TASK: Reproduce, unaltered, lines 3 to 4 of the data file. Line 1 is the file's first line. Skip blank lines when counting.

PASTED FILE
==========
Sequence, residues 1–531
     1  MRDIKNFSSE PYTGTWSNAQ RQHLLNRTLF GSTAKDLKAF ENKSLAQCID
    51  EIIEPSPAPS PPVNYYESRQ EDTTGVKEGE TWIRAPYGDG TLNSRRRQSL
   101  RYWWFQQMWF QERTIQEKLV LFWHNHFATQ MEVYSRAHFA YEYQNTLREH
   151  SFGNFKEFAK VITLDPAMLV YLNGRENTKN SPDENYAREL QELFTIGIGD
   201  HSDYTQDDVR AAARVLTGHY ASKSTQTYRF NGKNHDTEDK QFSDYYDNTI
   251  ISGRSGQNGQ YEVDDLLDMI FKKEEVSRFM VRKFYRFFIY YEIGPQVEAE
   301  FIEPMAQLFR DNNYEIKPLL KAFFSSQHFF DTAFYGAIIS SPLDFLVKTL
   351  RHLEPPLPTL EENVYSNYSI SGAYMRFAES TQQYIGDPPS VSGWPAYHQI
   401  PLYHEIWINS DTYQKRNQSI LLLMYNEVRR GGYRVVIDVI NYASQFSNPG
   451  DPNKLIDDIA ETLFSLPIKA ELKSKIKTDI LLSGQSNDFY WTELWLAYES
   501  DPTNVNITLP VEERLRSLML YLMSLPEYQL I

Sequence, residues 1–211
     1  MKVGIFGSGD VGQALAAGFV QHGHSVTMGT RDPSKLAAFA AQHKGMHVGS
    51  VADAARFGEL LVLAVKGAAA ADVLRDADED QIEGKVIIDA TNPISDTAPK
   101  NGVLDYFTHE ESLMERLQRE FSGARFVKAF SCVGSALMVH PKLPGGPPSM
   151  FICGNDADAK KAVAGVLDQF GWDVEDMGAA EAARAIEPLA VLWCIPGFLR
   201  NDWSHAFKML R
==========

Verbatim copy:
    51  EIIEPSPAPS PPVNYYESRQ EDTTGVKEGE TWIRAPYGDG TLNSRRRQSL
   101  RYWWFQQMWF QERTIQEKLV LFWHNHFATQ MEVYSRAHFA YEYQNTLREH